As this report is published, the rapid spread of the novel coronavirus Covid-19 has caused a global health crisis, has brought economic activity in some sectors to a halt, and has presented the greatest challenge to the global financial system since 2008. As then, understanding financial intermediation activities is critical to mapping the faultlines in the global financial system and mounting effective policy responses.

However, the shape of financial intermediation has changed in important ways since the global financial crisis. Activities in non-bank intermediation, including market-based intermediaries like investment funds and securitised products, have grown and are increasingly interconnected with financial markets. Understanding the interplay between these elements, and the benefits and risks of each, offers a more complete understanding of how global finance can contribute to sustainable economic growth. It also helps provide the full picture needed to help policy makers prepare for and respond to shocks, including pandemics.

“Structural developments in global financial intermediation: The rise of debt and non-bank credit intermediation” shines a light on the evolution of global financial intermediation in three key ways. First, it maps the broad-based growth of financial intermediation relative to GDP in many advanced and emerging market economies, and with this growth a shift toward market-based finance. Second, it assesses the shift from equity to debt markets, and the growing imbalances in sovereign and corporate debt markets during a period of highly accommodative monetary policies. Third, it draws attention to key activities in credit intermediation that could contribute to structural vulnerabilities in the global financial system, including: a sharp rise of below-investment grade corporate debt, in particular leverage loans and collateralised loan obligations; the growth of open-ended investment funds that purchase high-yield debt and leveraged loans; and risks associated with the large stock of bank contingent convertible debt.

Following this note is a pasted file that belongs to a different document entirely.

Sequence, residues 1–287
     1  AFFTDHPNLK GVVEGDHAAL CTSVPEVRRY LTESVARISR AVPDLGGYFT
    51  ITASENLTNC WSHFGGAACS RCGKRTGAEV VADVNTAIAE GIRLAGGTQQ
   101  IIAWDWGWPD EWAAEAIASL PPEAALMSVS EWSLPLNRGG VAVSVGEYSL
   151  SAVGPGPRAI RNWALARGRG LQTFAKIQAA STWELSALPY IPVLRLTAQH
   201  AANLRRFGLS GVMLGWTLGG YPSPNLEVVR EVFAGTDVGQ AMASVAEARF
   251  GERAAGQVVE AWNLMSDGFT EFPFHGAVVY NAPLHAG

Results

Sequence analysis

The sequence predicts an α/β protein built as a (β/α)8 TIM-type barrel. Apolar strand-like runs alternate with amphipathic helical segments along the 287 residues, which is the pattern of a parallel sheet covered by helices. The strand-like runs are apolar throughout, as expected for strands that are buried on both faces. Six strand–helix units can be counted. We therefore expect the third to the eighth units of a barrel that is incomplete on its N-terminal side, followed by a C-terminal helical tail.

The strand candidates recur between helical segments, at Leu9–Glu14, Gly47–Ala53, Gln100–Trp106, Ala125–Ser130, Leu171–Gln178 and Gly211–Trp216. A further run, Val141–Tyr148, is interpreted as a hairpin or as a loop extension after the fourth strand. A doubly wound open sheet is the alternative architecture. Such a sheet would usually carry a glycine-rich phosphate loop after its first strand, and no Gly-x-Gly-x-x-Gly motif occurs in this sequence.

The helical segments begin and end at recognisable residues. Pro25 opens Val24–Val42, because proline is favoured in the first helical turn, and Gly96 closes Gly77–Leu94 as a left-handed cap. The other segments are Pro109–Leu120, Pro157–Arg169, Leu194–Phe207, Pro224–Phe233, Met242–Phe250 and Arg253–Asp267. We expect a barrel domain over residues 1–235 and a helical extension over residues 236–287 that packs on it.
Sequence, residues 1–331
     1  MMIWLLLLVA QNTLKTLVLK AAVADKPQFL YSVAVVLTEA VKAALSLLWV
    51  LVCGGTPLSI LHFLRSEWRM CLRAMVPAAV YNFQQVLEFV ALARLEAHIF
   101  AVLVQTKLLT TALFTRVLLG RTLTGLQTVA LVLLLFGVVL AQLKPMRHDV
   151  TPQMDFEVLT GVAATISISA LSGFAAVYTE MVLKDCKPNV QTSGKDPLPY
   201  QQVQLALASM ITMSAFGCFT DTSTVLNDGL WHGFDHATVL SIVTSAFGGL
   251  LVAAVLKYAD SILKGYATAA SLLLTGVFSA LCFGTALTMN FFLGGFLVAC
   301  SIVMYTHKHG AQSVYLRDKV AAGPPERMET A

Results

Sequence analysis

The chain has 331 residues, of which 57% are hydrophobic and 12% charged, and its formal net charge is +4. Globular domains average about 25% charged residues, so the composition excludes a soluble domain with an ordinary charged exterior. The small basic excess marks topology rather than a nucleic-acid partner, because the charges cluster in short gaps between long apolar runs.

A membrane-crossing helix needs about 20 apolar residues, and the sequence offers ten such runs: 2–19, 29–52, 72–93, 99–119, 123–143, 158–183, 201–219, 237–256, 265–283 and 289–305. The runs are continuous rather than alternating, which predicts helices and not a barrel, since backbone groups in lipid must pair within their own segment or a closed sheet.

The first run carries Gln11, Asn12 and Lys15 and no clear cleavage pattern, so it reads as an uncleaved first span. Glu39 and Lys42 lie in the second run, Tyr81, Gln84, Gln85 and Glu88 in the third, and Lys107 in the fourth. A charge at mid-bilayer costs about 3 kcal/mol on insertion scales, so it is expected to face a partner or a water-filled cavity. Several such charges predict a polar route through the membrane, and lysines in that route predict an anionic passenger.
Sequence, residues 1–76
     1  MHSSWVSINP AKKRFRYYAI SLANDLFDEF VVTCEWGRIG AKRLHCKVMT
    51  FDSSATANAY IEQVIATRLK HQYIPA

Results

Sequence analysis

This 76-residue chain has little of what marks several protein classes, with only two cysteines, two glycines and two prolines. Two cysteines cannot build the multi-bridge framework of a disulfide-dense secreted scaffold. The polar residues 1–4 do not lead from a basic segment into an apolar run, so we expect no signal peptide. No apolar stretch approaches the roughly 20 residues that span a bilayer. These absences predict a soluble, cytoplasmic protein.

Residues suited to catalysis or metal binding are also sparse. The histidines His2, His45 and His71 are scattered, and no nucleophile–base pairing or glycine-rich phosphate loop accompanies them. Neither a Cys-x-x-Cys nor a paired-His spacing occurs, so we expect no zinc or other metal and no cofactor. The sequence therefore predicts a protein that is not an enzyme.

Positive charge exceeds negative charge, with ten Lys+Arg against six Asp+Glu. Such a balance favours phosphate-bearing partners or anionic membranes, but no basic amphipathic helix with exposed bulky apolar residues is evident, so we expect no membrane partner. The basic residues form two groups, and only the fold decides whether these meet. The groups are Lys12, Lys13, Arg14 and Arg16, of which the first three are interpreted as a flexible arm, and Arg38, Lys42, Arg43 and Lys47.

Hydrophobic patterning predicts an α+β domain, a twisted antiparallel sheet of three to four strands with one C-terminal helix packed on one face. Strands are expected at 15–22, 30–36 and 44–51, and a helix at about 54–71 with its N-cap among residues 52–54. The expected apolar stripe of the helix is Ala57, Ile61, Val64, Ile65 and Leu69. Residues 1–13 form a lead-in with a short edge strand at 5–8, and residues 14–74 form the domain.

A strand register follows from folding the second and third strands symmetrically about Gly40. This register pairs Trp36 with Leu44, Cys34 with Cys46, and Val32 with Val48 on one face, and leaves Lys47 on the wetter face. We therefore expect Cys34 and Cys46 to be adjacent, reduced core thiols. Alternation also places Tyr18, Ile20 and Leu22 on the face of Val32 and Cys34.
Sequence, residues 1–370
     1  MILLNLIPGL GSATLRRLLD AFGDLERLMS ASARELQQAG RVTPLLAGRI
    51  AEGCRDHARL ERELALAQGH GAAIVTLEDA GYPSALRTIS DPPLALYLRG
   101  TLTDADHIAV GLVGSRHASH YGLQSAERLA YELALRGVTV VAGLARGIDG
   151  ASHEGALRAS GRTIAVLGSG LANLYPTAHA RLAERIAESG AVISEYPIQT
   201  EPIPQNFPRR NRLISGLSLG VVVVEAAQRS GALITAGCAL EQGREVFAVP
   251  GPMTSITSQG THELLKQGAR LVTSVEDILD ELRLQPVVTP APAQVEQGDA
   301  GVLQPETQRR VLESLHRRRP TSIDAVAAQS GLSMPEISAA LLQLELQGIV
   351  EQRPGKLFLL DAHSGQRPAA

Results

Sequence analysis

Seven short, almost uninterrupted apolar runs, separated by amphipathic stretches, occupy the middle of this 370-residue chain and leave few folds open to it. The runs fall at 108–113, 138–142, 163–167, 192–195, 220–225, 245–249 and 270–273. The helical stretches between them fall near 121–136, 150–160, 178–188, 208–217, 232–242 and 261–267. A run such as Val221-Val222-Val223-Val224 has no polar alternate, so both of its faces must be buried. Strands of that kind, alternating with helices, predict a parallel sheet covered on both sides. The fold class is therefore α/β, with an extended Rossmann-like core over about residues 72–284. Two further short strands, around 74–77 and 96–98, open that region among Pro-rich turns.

While these various activities have helped to satisfy investors’ reach for yield during years of market exuberance, they represent new potential faultlines of systemic risk in the event of exogenous shocks, be they from trade tensions, geopolitical risks or the current global pandemic. This report underlines the need for policy frameworks to adapt to market-based finance, and fully reflect the interaction between monetary, prudential, and regulatory tools on credit intermediation. It also underlines the need for dynamic microprudential and activities-based tools to help mitigate excessive risk taking with respect to liquidity and leverage.

By mapping the global financial system, evaluating growing imbalances and risks that could amplify shocks, and assessing the interaction between macro and regulatory tools, this report provides a practical complement to the OECD’s Policy Framework for Effective and Efficient Financial Regulations. Financial authorities should use this analysis to inform both their assessments of activities and risks, and efforts to maximise available tools to harness the benefits of market-based finance to support fair, efficient markets and sustainable economic growth.

Greg Medcraft Director, OECD Directorate for Financial and Enterprise Affairs

Image Source: UNDERSTANDING THE RISKS INHERENT IN SHADOW BANKING: A PRIMER AND PRACTICAL LESSONS LEARNED

Image Source: THE ECONOMICS OF SHADOW BANKING 

Image Source: IS SHADOW BANKING REALLY BANKING?

Table Source: SHADOW BANKING AND MARKET BASED FINANCE

Table 1. A Stylized View of Structural Characteristics of Credit-based Intermediation

Characteristic:Traditional BankingShadow BankingMarket-based Finance
Key Risk TransformationsLiquidity, maturity, leverageCredit enhancement,liquidity, maturity, leverageLess emphasis on credit enhancement and less opaque vs. shadow banking
Institutions Involved in Intermediation Single entityCan be many entities, interconnected through collateral chains and credit guaranteesSingle/few entities
Formal Ex-anteBackstopYesNo / IndirectNo
Implied Sponsor Supportn.a.Yes, can sometimes be contingent liabilitiesNo(insolvency remote)
Example of EntitiesCommercial bankSynthetic CDO, Structured Investment Vehicle (SIV), CNAV MMF, ABCP ConduitBond mutual fund, Distressed debt or PE partnership,Direct lending by pension fund
Main Form of LiabilitiesDebt and deposits,Wholesale & retail-financedDebt,Mainly wholesale financedHighly diverse –Short and long-term debt and equity,Retail & wholesale financed
Key Resulting Financial Stability Risk Systemic risk(institutional spillovers)Systemic risk(institutional spillovers)Shift in price of risk (market risk premia)

My Related Posts

Shadow Banking

Economics of Broker-Dealer Banks

Evolution of Banks Complexity

Low Interest Rates and International Capital Flows

Repo Chains and Financial Instability

Global Liquidity and Cross Border Capital Flows

The Dollar Shortage, Again! in International Wholesale Money Markets